How digital payments help move ice cream out of the freezer section
Two friends are disrupting the ice cream business, one pint at a time.
Most people like ice cream.
For Kelly Williamson and Shelly Marshall, it’s more of a love story — a love for the frozen treat and the nostalgia that comes from scooping up your favorite flavors. They love ice cream so much that they met at a Penn State ice cream course in the middle of winter. They became instant friends.
“It's three degrees, negative windchill factor, and we’re taking an intensive course about ice cream,” Kelly laughs. That’s how their entrepreneurial meet-cute began.
Both friends went on to run their own ice cream businesses. Shelly, who grew up in Trinidad and Tobago, opened a shop in Brooklyn called Island Pops, inspired by Caribbean native fruits and flavors. Kelly took another route, catering corporate parties and weddings with her signature ice cream sundae bars around Boston.
Then 2020 hit. As events and retail shut down, Kelly closed shop for good, and eventually connected with Shelly again. “Shelly had this idea for a powdered ice cream mix, just like cake mix or brownie mix,” she recalls.
Making ice cream from scratch, they both knew, could be time-consuming, required a long list of ingredients, and took major skills. “It's definitely an advanced type of recipe to make,” says Kelly.
Recipe-testing a shortcut version while she was out of work “created a new itch” for Kelly.
“I was able to bring a certain set of skills and perspective to this business idea.” From their respective cities, they set out on a journey, together this time, to create an ice cream kit that family and friends could make together at home. They launched a successful crowd-funding campaign, applied for grants and accelerators along the way, and bootstrapped as much as they could.
In January 2021, True Scoops, a DIY ice cream and toppings mix that requires no ice cream maker, was born.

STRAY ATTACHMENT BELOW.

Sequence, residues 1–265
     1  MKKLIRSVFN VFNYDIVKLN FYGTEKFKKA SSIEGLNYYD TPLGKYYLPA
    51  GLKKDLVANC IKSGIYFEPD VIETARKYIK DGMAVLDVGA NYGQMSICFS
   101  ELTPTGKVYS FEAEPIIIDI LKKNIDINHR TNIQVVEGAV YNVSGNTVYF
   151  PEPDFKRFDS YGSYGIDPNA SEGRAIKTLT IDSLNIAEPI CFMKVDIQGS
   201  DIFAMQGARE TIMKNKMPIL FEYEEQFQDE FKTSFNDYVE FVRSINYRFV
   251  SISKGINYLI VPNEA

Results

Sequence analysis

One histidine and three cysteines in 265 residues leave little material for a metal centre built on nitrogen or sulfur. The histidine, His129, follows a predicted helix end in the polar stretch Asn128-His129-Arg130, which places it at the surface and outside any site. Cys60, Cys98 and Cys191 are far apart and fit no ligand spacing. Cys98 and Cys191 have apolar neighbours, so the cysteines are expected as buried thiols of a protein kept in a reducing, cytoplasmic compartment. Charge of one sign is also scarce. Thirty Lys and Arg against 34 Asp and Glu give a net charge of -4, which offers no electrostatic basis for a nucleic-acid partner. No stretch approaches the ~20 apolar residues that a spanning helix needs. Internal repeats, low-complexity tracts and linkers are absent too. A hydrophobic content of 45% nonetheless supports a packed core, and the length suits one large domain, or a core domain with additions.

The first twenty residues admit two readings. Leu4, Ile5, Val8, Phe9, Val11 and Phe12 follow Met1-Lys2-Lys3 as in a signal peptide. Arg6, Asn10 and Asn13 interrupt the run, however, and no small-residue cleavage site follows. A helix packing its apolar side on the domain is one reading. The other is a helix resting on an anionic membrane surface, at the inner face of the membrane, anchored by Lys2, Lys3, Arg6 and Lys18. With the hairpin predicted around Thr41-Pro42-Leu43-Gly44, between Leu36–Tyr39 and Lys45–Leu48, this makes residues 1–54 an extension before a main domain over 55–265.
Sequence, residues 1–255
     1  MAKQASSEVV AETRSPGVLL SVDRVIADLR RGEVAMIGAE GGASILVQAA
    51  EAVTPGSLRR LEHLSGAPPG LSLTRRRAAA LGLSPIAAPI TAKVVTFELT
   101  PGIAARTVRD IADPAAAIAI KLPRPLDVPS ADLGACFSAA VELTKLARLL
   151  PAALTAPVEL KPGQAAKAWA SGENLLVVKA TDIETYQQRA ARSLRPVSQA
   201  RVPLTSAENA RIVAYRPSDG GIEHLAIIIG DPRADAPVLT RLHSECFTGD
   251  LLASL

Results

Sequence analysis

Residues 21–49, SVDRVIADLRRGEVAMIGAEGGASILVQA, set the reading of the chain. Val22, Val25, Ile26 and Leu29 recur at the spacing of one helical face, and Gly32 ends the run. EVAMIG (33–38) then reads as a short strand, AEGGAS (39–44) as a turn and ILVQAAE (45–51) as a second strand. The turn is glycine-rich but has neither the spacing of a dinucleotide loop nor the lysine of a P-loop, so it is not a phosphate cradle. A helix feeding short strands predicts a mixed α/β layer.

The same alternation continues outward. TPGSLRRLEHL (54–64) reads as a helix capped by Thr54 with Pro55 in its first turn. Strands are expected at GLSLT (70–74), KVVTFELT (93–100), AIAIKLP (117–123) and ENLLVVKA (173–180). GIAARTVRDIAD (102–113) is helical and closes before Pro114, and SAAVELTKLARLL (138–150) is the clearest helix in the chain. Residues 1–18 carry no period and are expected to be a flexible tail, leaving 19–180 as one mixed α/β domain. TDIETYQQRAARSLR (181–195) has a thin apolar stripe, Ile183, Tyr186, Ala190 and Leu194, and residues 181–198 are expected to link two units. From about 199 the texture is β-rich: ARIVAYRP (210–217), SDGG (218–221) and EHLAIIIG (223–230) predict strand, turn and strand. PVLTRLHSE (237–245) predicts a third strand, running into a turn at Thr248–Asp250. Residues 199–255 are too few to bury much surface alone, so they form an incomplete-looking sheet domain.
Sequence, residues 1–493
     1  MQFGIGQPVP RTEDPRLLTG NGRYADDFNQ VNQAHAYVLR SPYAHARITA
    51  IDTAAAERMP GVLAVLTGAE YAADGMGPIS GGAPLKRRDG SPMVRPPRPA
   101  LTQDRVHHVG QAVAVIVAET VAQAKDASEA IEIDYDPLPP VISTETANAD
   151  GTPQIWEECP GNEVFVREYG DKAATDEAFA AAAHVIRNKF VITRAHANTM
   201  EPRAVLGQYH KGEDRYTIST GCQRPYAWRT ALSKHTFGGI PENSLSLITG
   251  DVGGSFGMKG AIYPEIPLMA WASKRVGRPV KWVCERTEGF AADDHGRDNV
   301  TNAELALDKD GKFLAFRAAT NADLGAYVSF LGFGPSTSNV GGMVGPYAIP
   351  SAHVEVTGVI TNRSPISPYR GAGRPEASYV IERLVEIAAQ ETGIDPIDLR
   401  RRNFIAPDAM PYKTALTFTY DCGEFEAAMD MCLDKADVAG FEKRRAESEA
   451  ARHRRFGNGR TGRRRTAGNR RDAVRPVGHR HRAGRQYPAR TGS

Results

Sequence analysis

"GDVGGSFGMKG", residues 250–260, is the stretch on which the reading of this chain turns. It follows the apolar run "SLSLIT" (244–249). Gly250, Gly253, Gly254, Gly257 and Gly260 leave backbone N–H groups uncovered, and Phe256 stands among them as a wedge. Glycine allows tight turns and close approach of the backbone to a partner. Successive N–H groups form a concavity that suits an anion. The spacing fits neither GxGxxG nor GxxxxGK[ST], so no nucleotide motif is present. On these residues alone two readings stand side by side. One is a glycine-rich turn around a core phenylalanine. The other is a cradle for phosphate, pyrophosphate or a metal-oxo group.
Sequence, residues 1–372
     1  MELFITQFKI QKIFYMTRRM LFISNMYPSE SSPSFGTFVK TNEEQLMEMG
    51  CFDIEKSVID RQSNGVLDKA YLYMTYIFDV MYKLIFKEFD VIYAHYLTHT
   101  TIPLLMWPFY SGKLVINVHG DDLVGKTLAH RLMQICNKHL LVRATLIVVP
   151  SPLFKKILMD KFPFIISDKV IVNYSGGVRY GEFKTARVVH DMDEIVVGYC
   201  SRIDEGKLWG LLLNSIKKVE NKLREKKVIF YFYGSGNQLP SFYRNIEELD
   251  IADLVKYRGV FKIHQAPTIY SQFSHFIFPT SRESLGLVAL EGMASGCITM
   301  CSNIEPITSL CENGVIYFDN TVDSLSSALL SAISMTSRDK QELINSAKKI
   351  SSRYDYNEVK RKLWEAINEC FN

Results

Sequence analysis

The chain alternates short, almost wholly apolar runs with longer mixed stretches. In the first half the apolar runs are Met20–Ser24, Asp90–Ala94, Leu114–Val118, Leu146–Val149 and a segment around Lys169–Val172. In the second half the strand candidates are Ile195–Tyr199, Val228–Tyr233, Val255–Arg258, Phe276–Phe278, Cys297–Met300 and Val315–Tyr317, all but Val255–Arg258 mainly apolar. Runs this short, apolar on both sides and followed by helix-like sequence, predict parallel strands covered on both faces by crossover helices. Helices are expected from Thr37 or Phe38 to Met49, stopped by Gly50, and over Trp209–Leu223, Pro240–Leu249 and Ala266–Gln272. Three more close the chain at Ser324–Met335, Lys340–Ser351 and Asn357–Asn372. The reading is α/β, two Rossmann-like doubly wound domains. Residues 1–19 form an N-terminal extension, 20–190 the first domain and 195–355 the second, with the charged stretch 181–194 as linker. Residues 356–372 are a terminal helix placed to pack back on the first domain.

“We're taking ice cream out of the freezer,” says Kelly. “You think of all the innovation that's happened in ice cream, and it's still within the freezer space of a grocery store. We're taking ice cream to places where people wouldn't expect ice cream to be.”
The powdered mix — available online to share with friends and family — requires just half & half and an electric mixer. In 5 minutes (and a bit of time to freeze!), you have chocolate, vanilla or strawberry flavors and toppings of your choice. There’s even an ice cream sandwich option.
Digital payments make it possible for True Scoops to run their business and reach a national audience online.
“We have to pay invoices for vendors, for contractors, our manufacturer, everything, says Kelly. “To do it digitally, just makes everything so much easier than through paper checks. Nothing's worse than sending a check and waiting for it to get cashed. And then, it randomly gets cashed at the worst time. Now it's just a click of a button.”
With online payments expanding to flexible options like Buy Now, Pay Later, Kelly and Shelly make sure they’re meeting customers where they are.
“There are so many different options for digital payments now, which is awesome,” says Kelly. “We add them every time a new payment option becomes available because if that's what people are going for, we want to be part of it.”
More than the average pint
Shelly recalls making ice cream with her grandmother in Trinidad using fresh coconut from the coconuts in their backyard. Kelly was born and raised in New England, who has her own nostalgic moments about ice cream. They realized that everyone has a story, a distinct flavor or memory or feeling that comes attached to ice cream.
That’s when it hit them: They weren’t just selling ice cream but an experience, a memory.
“This isn't a convenience product, because you could just buy a pint of anything else at the corner store,” says Kelly. “This is a creative moment for friends and family to do together. We're on a mission to bring friends and family together and do it creatively through ice cream,” she adds.
They learned along the way that part of the experience is the packaging. People are familiar with a pint more so than a food-safe pouch, which they used to originally launch. They quickly pivoted to packaging that was familiar to their customers and reinforced that feeling of nostalgia.
“The idea of success to me, it's the little things. It's reading a good review or just hearing how excited people are about it or what a great idea they think it is. When an adult or a kid is like, ‘Wow! "This is really good! I had so much fun making this!’ That, to me, is all I need.”
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